‘Changes’ do not alter TFWP fundamentally

Community News & Features Jul 11, 2014 at 6:08 pm

Migrante-BCThe announcements on the “changes” in the Temporary Foreign Worker Program(TFWP) and the Minister’s handling of it have only fueled more debate about the program. One thing was clear though, the moratorium on the food services sector was over or so it seemed. The criticism of the TFWP however was not over.

The “changes” did not fundamentally alter the program. These did not address the need for permanent immigration, with its pathway to citizenship, instead of labour migration.The “changes” made sure that the TFWP was a program of guest workers.

TFWs are still being tied to their employers, a locked-in situation which makes for the precarious situation that migrant workers find themselves in, a situation that creates the vulnerability for abuse and exploitation. The many cases of abuses by employers and recruiters, violations of employment standards and workers’ and human rights, including the right to organize have been documented and publicized by migrant advocates, labour federations, and academics, but have largely been ignored by government.

Fees have been increased. The time limits for workers have been reduced. The National Occupational Classification and the skill levels have been replaced by low-wage/high wage levels. The Labour Market Opinion has been replaced by the Labour Market Impact Assessment (LMIA) which still needs to be filed by employers and which still needs to be approved by the Employment and Social Development Canada (ESDC), which everyone knew from before as Human Resources and Social Development Canada (HRSDC).

However, effective immediately, ESDC will not process LMIAs in the Accommodation, Food Services and Retail Trade sectors. These will include food counter attendants, cashiers, grocery clerks, janitors, cleaners, security guards, construction trade helpers and labourers. ESDC also will not process applications for positions that require little or no education or training in economic regions with an unemployment rate at or above six percent.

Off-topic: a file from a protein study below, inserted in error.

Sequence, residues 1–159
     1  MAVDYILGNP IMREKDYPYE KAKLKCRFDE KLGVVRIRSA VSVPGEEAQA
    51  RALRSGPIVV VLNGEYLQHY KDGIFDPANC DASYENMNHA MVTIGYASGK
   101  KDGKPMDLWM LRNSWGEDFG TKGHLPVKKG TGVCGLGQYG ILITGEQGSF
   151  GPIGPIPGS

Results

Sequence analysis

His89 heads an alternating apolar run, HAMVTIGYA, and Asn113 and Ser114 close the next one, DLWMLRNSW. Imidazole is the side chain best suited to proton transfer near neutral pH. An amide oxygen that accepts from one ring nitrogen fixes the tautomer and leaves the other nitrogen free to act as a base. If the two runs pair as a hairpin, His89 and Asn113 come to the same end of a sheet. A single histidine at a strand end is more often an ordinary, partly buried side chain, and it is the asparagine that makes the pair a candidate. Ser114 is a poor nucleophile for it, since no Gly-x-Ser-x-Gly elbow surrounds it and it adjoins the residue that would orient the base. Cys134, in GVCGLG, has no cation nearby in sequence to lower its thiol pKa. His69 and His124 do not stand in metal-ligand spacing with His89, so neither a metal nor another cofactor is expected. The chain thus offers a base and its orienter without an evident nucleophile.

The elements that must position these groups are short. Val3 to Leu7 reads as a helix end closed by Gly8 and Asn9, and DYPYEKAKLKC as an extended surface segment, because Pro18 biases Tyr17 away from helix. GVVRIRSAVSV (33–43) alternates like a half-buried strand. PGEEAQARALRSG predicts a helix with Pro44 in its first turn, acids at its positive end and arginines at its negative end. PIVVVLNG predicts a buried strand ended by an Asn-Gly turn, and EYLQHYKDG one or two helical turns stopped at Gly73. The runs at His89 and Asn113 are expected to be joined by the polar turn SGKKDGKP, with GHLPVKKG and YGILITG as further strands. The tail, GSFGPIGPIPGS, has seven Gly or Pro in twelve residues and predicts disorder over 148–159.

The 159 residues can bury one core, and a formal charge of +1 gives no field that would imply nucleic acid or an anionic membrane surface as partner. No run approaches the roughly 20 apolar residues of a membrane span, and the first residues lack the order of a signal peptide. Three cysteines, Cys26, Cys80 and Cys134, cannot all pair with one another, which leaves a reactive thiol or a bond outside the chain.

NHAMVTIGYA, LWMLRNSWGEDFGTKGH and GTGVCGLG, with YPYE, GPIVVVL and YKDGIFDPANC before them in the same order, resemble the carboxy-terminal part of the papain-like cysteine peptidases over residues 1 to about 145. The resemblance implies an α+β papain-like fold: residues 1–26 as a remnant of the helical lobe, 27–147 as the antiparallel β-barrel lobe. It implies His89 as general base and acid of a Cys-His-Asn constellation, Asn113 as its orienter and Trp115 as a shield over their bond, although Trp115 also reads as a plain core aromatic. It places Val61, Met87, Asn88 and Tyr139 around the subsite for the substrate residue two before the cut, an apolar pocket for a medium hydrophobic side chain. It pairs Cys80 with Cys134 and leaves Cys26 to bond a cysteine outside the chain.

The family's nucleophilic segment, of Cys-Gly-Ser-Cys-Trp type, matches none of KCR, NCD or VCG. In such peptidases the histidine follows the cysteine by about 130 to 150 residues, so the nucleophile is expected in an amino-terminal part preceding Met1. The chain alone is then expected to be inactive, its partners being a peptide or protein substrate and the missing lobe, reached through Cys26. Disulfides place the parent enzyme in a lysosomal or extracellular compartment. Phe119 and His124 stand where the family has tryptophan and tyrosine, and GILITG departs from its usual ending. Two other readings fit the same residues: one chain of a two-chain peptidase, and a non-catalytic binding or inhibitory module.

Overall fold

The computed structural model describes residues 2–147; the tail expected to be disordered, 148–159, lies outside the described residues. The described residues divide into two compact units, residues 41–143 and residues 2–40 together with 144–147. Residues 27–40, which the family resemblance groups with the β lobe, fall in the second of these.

The new “changes” have essentially divided the TFWP program into those workers needing an LMIA to get their work permit to enter Canada and those under the new International Mobility Program (IMP) who enter Canada with no barriers to employment, no required LMIA, and with the right to bring their own families – and they can choose to work anywhere and for anyone, regardless of wage levels. They can even apply to work at McDonald’s and Tim Hortons, if they so choose.

What programs have remained untouched as of this date are the Seasonal Agricultural Workers Program and the Live-In Caregiver Program. Under these programs, migrant workers work and live in precarious situations and are rendered vulnerable to potential and real abuse because of the inherent structural features of the programs. It is also a reality that these workers toil far away from the public eye, either out in the farms or inside the privacy of homes. These are also jobs that no locals are willing or interested in doing. Undeniably, farm lobby organizations are very powerful and will not let any government changes harm their business and profits.
Under these “changes”, migrant workers are generally still where they are – being used, abused, and then disposed of. — MIGRANTE BC